There are also discrete reforms that could prove important. For example, in the previous issue of Wise Traditions, I discussed the PRIME Act, which would revoke the current federal prohibition on the sale of meat processed at a “custom slaughterhouse” to in-state consumers. The bill would not legalize the sale of such meat, but would leave it to each state to decide whether and how to allow meat processed at custom slaughterhouses to be sold to individuals and businesses within their states. If the bill can gain sufficient support (as evidenced by a strong co-sponsor list), it stands a chance of being added as an amendment to the Farm Bill.
WAPF will be doing email action alerts with more details and specific talking points early in 2018, please watch for them! Your activism truly makes a difference.
In the last issue of Wise Traditions, I wrote about the USDA’s public meetings in the spring and summer of this year. The current Animal Disease Traceability (ADT) program requires some form of official identification when adult cattle (over 18 months) are moved across state lines; the identification can be a traditional low-tech ID like a metal brite tag. This limited, low-tech approach was put it in place after a massive grassroots campaign against the National Animal Identification System (NAIS), which called for electronic ID and tracking of all livestock animals in every state.
When ADT was adopted, USDA indicated that there would be a second phase, in which the requirements for low-tech forms of ID when cattle are moved interstate would be extended to cover younger cattle, those under 18 months of age. That “Phase Two” of ADT was supposedly the topic of these public meetings when they were first announced. But it quickly became clear that USDA and its agribusiness allies had different plans, namely to try to revive significant portions of NAIS.
I attended the meeting in Texas, and worked with people in multiple states to ensure that the voices of a range of livestock owners were heard. At the Texas meetings and others, there was strong pushback against any attempt to mandate electronic ID.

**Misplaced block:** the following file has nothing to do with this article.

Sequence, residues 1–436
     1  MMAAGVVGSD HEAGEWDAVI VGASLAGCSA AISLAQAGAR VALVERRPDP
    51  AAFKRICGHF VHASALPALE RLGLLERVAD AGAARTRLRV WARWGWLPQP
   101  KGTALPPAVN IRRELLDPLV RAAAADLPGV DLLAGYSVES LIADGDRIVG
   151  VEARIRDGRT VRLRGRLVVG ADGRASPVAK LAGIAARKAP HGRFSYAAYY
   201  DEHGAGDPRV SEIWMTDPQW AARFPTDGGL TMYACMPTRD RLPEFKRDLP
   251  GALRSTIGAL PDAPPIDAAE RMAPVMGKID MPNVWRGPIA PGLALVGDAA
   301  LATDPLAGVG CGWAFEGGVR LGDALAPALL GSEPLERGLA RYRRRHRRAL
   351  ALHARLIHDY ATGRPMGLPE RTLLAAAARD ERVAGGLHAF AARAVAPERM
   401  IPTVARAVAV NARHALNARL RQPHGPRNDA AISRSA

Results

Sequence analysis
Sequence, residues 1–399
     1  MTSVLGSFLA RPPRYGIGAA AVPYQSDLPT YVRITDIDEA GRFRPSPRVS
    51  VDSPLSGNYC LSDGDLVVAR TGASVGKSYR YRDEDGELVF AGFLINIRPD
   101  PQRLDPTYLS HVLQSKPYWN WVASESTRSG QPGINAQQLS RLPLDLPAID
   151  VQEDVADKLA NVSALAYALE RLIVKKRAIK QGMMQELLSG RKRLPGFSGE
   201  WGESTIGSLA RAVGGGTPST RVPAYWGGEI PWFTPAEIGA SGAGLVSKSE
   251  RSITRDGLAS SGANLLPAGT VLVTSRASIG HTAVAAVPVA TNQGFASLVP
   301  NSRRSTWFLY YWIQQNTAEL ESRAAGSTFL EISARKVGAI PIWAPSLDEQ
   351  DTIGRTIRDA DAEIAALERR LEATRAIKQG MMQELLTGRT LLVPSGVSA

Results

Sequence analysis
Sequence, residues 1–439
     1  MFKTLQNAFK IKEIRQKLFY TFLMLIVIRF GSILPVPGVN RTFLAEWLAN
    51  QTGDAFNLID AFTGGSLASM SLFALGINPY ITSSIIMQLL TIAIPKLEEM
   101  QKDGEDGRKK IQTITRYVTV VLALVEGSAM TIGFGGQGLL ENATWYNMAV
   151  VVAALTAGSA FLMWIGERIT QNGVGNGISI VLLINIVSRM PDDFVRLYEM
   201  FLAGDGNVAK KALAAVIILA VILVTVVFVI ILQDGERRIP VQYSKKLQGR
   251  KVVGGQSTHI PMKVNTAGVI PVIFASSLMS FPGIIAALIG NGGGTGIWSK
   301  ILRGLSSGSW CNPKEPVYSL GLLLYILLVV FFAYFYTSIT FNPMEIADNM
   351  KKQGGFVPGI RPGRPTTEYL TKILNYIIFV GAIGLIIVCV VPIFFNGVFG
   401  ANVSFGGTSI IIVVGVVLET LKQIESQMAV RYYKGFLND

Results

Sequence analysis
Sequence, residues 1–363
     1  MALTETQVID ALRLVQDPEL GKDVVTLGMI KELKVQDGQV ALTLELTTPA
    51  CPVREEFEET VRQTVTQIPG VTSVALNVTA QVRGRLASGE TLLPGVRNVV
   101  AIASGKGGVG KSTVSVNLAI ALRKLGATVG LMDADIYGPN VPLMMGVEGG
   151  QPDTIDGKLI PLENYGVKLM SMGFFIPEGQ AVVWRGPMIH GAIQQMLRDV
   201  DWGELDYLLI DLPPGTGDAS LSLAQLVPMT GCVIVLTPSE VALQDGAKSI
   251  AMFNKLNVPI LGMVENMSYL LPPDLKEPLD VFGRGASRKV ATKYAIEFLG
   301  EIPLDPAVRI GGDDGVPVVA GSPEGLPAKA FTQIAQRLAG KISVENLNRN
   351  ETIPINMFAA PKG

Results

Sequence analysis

Yet, at an agribusiness conference in late September, when USDA unveiled its “summary” of the meetings, it claimed that there was a general consensus to support moving ahead with electronic ID. Moreover, the USDA document handed out at the September meeting included imposing this new federal requirement intra-state, even if the cattle never cross state lines! While not as broad or all-encompassing as NAIS, this proposal would impose significant costs, burdens and government intrusion on small farmers who are raising cattle for their local communities.
At the agribusiness conference, USDA stated that it would publish its findings and recommendations in the Federal Register in October. But as of December 4, when this article goes to print, it has not done so. Viewed optimistically, this delay might suggest that the agency is reconsidering its position based on the pushback it got at the meeting and afterwards. The more likely explanation is simply that the bureaucracy moves slowly.
USDA also has a track record of publishing bad documents around the holidays—often the day before Thanksgiving, Christmas or New Years. This tendency is shared by many government agencies, presumably because it reduces the chances of any media coverage and makes it more difficult for grassroots groups that oppose the agencies to get the public’s attention. So please watch carefully for action alerts right at the end of the year.
The good news is that, unlike NAIS, we are aware of the issue and organized early in the process. We beat the program back once before, and we can do it again.
This article appeared in Wise Traditions in Food, Farming and the Healing Arts, the quarterly magazine of the Weston A. Price Foundation, Winter 2017.